EnerDel lands $118 million stimulus grant

EnerDel, an Indianapolis-based producer of automotive lithium-ion batteries, will receive $118.5 million in a matching grant
from the federal government.

President Obama is in Elkhart today to announce $2.4 billion in taxpayer-funded grants
to create electric cars and, possibly, thousands of jobs.

Indiana was a big winner, with seven parties receiving stimulus
funds. Only Michigan had more recipients.

Besides EnerDel, grants will go to Kokomo-based Delphi Automotive Systems
LLC ($89.3 million), Indianapolis-based Allison Transmission ($62.8 million), Anderson-based Remy Inc. ($60.2 million) and
Purdue University ($6.1 million).

Grants going to companies in other states could also help Indiana employers. Michigan-based
Magna E-Car Systems of America Inc., which has a manufacturing plant in Muncie, got $40 million, and Illinois-based Navistar
Inc., which has a plant in Elkhart County, received $39.2 million.

Those receiving awards need to match the amount
of the federal grant. EnerDel, for instance, will have to raise $118.5 million.

“It’s really exciting that the administration
is focusing on this today; it’s really exciting for us,” an EnerDel spokeswoman said as the awards were being revealed late
this morning.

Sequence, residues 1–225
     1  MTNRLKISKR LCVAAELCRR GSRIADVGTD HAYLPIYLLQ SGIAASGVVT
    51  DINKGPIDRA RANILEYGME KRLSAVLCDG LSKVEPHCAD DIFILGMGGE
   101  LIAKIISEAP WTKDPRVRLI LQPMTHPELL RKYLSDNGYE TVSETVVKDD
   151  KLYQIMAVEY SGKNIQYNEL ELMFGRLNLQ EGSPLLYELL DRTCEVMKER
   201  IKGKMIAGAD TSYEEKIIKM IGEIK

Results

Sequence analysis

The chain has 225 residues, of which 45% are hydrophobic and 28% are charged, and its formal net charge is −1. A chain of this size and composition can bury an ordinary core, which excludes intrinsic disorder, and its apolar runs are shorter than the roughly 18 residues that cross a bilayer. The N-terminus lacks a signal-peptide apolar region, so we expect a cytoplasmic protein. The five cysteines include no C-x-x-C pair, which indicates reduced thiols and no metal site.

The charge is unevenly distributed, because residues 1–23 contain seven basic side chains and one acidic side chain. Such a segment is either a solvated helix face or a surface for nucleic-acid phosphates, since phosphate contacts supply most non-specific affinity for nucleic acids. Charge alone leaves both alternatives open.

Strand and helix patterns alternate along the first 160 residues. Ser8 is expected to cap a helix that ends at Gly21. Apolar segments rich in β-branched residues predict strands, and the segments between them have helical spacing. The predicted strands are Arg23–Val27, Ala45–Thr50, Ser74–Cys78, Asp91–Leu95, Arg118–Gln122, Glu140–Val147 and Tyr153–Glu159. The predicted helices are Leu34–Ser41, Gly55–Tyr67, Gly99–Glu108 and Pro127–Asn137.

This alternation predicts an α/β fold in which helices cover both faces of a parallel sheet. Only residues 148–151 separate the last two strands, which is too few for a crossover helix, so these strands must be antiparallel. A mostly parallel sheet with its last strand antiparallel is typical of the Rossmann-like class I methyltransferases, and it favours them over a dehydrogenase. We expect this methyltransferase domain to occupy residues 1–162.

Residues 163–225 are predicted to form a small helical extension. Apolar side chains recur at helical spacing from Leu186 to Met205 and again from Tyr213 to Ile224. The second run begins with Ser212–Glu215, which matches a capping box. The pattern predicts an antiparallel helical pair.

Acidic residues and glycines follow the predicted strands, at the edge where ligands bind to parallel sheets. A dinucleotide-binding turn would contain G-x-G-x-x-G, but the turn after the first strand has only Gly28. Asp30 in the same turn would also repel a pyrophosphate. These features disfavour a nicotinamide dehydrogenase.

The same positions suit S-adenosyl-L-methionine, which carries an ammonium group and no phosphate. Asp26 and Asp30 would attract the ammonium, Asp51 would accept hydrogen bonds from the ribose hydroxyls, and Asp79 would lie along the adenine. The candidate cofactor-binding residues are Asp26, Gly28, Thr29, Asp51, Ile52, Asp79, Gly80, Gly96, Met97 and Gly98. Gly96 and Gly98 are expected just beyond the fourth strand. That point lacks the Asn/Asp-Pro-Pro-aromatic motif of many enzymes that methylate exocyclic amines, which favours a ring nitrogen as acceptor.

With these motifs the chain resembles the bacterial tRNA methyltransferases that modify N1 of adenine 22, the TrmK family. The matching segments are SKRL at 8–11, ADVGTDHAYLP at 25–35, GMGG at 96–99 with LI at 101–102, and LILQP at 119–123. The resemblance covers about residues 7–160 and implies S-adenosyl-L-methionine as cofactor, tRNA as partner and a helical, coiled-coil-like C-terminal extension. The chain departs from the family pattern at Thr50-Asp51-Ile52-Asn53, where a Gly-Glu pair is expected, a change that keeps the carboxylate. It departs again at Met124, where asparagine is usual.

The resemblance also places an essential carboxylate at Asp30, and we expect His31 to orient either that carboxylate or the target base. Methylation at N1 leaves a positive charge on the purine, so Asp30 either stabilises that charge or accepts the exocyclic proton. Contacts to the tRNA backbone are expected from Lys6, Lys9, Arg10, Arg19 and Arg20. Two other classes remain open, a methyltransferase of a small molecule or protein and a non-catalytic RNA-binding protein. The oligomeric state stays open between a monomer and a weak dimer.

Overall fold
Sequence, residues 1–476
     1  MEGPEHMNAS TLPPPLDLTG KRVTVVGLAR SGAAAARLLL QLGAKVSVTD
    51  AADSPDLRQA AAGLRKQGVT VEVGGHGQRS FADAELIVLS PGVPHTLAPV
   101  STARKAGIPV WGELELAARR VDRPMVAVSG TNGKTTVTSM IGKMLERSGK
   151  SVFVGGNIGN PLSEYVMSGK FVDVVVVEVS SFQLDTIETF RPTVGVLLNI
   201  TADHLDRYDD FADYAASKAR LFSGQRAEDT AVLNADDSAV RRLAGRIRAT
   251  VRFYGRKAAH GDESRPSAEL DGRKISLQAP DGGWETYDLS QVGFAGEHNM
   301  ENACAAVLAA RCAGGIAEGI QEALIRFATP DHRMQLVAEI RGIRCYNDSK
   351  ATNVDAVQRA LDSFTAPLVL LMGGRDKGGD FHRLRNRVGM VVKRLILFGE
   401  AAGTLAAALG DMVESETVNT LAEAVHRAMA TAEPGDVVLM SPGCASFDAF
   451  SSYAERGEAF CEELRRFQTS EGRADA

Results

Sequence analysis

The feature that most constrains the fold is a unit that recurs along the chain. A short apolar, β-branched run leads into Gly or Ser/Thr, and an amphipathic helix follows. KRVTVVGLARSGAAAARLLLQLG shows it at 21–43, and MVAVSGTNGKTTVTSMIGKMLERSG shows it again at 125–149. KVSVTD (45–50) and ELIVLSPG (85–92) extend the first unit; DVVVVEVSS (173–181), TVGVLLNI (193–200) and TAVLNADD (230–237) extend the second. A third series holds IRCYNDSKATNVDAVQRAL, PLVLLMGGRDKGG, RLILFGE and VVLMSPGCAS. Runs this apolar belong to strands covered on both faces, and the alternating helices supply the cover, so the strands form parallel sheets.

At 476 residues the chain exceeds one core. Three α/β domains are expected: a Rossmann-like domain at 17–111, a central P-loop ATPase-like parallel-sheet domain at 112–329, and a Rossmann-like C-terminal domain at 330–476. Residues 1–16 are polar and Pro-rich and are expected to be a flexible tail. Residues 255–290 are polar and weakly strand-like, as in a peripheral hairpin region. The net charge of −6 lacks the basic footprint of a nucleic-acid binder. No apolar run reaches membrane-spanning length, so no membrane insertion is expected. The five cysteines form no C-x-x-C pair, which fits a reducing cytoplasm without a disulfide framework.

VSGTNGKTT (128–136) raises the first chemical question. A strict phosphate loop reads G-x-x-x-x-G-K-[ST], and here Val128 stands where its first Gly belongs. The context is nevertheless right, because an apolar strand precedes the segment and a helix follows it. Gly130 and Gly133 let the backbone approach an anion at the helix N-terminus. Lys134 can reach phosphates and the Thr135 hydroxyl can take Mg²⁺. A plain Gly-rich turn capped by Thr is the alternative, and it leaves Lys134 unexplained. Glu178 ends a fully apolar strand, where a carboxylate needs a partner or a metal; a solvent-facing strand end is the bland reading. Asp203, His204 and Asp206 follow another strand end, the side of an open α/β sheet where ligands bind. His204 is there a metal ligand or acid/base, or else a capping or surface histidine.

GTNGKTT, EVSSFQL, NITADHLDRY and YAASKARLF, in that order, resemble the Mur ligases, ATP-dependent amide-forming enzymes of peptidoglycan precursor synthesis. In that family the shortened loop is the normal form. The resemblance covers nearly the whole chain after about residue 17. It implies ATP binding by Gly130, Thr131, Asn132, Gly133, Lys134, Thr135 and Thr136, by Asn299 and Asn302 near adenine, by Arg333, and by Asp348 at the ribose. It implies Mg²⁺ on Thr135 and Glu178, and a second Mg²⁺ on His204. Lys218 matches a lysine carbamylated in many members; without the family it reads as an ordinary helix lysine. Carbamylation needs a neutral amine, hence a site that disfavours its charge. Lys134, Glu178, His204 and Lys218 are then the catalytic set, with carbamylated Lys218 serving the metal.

EnerDel also is in the running for as much as $480 million in financing under a U.S. Department of Energy
program aimed at fostering advanced vehicle manufacturing. The growth plan laid out in the application calls for boosting
employment from 150 now to 3,000 within five years.

EnerDel is among a growing number of companies pinning their hopes
on the production of automotive lithium-ion batteries, which are lighter and more powerful than the nickel-metalhydride batteries
used in the Toyota Prius and other hybrids now on the market.

Of the federal grants announced today, $1.5 billion
will go to the production of batteries and their components; $500 million will go for other components needed for the cars,
like electric motors; and $400 million will go toward plug-in hybrid cars, training for technicians and related costs.

Please enable JavaScript to view this content.

Editor's note: You can comment on IBJ stories by signing in to your IBJ account. If you have not registered, please sign up for a free account now. Please note our updated comment policy that will govern how comments are moderated.

{{ articles_remaining }}
Free {{ article_text }} Remaining
{{ articles_remaining }}
Free {{ article_text }} Remaining Article limit resets in {{ count_down }} days.